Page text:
I do not presume to state it unambiguously, but as for me, atalism is simply a ridiculously developed custom of hostage exchange. The fact is that while the child is atalyk, the father will not go to war on the family of this atalyk. It is strange that the author did not mention this in the article.
    In the conditions of a permanent war of all against all, which took place in the Caucasus at that time, the custom of hostage exchange was almost the only way to at least somehow provide at least some peace with at least someone. smile
    1. +1
      12 December 2019 11: 50
      The only correct comment. The author of the article is clearly not the topic. Most of the sons of the Adyghe feudal lords were given to the Crimea as hostages, as a guarantee of loyalty. That is why Turkic names prevail among the feudal nobility of the Adyghe people.
  6. +4
    11 December 2019 12: 12
    Thank you, a very interesting article and a very interesting topic. As Edward noted, this is a "typical institution of the tribal system" and can be traced among many peoples: among the Scandinavians, even relatively recently, among the Celts of Ireland, Scotland and Wales, among the natives of Australia, among the ancient Greeks, etc. So in the Iliad there is the image of the Phoenix - obviously a typical “breadwinner”, the educator of the hero Achilles.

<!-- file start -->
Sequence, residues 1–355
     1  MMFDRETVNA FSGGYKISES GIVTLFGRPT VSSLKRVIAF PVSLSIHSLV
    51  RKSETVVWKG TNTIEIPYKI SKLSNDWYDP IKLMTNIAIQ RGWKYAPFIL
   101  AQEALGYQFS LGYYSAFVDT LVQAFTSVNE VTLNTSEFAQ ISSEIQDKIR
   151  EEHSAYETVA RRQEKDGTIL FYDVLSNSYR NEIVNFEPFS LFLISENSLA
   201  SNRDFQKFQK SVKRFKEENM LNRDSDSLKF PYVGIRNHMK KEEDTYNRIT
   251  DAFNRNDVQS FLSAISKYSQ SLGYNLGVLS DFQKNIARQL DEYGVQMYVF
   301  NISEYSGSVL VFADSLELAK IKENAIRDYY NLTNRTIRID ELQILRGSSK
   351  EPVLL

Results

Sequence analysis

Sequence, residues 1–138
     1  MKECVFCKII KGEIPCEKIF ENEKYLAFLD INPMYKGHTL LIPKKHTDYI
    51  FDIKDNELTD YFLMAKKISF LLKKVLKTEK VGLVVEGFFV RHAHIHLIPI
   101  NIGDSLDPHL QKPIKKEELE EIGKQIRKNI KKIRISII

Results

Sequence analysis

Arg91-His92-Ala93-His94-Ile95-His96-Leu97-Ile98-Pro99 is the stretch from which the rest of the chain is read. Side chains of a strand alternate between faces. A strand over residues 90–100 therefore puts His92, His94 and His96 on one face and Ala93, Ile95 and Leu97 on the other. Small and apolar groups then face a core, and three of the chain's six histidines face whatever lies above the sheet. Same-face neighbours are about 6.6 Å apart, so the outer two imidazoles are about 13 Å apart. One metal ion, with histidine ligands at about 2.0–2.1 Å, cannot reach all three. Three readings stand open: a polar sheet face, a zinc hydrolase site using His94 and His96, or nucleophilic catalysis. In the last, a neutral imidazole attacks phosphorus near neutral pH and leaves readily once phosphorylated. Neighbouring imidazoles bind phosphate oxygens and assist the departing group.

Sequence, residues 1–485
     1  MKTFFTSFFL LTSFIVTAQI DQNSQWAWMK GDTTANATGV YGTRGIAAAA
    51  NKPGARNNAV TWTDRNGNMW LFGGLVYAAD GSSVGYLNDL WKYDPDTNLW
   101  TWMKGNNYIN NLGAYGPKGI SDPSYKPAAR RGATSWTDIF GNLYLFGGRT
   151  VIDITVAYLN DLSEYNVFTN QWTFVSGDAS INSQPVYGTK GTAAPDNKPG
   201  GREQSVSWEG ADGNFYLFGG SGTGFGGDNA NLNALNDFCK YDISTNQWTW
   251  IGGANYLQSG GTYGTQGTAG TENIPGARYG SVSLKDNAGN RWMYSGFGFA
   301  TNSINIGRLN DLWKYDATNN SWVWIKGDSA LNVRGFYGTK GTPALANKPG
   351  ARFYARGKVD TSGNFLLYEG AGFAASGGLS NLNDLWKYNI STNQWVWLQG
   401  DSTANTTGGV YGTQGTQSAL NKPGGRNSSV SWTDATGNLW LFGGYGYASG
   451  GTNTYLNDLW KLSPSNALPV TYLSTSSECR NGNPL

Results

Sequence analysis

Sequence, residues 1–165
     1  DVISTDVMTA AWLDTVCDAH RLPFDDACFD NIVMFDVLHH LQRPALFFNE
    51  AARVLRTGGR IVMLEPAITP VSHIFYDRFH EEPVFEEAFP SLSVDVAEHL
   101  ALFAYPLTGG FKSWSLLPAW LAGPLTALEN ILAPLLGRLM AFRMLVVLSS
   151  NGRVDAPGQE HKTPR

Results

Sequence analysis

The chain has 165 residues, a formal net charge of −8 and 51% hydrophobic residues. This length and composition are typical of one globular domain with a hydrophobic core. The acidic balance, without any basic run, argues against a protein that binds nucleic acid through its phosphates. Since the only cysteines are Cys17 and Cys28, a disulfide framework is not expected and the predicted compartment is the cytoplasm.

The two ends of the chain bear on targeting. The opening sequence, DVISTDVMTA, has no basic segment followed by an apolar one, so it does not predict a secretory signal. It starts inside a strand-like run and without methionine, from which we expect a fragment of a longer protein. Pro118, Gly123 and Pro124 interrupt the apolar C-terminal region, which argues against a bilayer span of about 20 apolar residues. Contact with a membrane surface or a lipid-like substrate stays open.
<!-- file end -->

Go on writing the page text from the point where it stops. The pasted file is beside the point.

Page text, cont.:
In the classical form, “feeding” was preserved in the Caucasus and witnessed by the Adyghe, Circassian, Kabardian, Ossetian, Abkhaz, and others.
    This phenomenon received a peculiar form of love affair between adult men and boys in the Dorian city-states of Crete and Sparta and probably represented a peculiar form of primitive initiation, and was associated with the ways of forming male unions in these states. (Yu.V. Andreev Male Unions in the Dorian City-States of St. Petersburg 2004)
  7. +1
    11 December 2019 21: 09
    I read about this in one of Bertris Smole’s novels, but there, before dying, my father sent his son to the krovnik. It turns out that Smol didn’t invent it and did it really happen?
  8. +2
    11 December 2019 21: 22
    Let me add a little to the respected author. Atalyk is a detailed father.
    The wind mentioned that the girls stayed with the atalichka less than the boys. And at the time of marriage, they got married at about 13-14 years old, the girl returned to her home, but sometimes for some reason she stayed in the house of the tag and then the bridegroom and all the gifts of the groom went to the tag.
    You can read about all this at Gardanov.